Kerala Police reopen more cases of political killings | india | Hindustan Times
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Kerala Police reopen more cases of political killings

The police are reopening many cases of political killing in north Kerala as a fallout of the arrest of a key accused in CPI(M) rebel TP Chandrasekharan's murder.

india Updated: Jun 09, 2012 00:07 IST
HT Correspondent

The police are reopening many cases of political killing in north Kerala as a fallout of the arrest of a key accused in CPI(M) rebel TP Chandrasekharan's murder.


TK Rajeesh, the CPI(M) worker a special investigation team (SIT) has arrested on the Goa-Maharashtra border, had been eluding the law for more than two decades.

SIT sources said Rajeesh used to come to Kannur when summoned by his political masters and on several occasions he flew in to supposedly execute the killings. However, his name never figured in any case though he himself reportedly admitted to his role in at least five killings including that of BJP leader KT Jayakrishnan, who was murdered before his students in a classroom in 1999.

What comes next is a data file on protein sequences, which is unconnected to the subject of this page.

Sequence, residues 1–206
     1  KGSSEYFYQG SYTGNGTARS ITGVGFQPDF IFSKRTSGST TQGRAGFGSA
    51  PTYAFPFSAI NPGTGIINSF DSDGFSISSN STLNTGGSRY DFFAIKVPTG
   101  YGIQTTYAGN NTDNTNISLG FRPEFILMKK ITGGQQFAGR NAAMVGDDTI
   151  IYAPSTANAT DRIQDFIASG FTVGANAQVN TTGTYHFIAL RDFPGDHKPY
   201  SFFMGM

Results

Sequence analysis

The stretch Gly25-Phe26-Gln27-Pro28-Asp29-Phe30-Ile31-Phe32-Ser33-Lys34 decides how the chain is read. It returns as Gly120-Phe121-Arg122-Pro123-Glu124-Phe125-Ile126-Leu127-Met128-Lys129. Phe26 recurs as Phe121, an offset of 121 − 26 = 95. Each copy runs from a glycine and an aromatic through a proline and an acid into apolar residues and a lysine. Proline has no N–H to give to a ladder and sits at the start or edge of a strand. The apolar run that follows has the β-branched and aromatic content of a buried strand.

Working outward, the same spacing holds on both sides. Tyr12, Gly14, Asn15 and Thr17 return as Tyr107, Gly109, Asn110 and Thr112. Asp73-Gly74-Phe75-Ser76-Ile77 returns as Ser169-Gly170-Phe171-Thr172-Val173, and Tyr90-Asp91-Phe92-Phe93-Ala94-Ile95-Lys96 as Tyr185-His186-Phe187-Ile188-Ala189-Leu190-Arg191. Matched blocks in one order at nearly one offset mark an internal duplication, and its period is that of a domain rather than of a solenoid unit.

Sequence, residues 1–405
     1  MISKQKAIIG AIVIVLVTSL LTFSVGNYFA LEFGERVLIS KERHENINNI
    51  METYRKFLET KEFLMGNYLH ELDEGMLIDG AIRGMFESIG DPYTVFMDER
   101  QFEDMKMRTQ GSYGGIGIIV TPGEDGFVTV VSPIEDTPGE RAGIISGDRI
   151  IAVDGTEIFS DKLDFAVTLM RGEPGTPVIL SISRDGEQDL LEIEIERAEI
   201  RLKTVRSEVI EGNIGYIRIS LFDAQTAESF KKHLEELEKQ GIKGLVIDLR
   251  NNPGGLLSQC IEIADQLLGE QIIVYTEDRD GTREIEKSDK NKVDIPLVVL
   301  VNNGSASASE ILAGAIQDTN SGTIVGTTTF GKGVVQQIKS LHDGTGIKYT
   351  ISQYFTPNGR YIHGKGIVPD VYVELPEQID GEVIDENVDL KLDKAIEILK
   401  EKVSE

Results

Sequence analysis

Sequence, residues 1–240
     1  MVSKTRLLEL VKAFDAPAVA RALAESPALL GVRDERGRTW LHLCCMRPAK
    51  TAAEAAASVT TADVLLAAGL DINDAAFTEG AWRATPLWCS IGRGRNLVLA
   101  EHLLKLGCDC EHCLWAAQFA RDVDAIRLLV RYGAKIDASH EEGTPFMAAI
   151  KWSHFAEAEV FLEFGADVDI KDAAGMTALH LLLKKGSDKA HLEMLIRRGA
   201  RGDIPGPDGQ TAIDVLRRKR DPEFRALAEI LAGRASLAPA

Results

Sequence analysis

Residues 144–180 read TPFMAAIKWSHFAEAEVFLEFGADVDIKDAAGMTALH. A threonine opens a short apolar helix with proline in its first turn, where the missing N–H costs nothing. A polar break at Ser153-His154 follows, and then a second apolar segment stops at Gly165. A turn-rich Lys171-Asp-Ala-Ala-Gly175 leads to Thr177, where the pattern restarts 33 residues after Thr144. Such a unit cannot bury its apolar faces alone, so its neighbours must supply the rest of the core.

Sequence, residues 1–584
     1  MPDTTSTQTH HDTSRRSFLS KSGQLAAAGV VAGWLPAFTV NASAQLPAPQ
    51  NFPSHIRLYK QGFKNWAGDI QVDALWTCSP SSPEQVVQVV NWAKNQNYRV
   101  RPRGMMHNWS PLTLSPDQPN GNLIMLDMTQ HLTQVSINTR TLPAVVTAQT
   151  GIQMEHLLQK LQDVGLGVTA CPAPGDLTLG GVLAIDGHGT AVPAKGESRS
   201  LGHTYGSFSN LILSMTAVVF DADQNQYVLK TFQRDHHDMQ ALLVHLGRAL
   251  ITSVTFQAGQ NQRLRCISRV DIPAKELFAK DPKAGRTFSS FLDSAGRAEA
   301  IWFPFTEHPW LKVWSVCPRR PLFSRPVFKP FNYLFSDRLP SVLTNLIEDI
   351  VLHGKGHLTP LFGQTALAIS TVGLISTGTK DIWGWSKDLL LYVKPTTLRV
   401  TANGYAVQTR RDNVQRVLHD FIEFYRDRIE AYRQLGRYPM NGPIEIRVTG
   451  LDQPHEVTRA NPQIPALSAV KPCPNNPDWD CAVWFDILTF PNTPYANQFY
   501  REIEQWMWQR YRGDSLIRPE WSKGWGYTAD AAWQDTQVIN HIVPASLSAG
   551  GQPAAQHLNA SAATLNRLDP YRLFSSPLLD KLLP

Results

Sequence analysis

The SIT suspects he could be involved in more killings. He had been summoned when four attempts to kill Chandrasekharan had failed.

His arrest would unravel the conspiracies behind many political killings since 1990, a senior police officer with the SIT said.

The police are planning to re-open at least four murder cases. Additional director general of police Winson M Paul is heading the SIT. As a result of this arrest, many left leaders from Kannur are worried.

Deposed CPI(M) Idukki district secretary MM Mani had admitted last month that the party had often planned and executed its political opponents. Forced to quit, he is now facing three murder cases.

Addressing a public rally in Idukki, he had said the party often resorted to political killings and warned that Chandrasekharan's murder was not the last one. He had given details on how the murders were carried out.

Police sources said when a murder took place, various parties often tried to put the investigators off the scent by giving them false lists of the accused.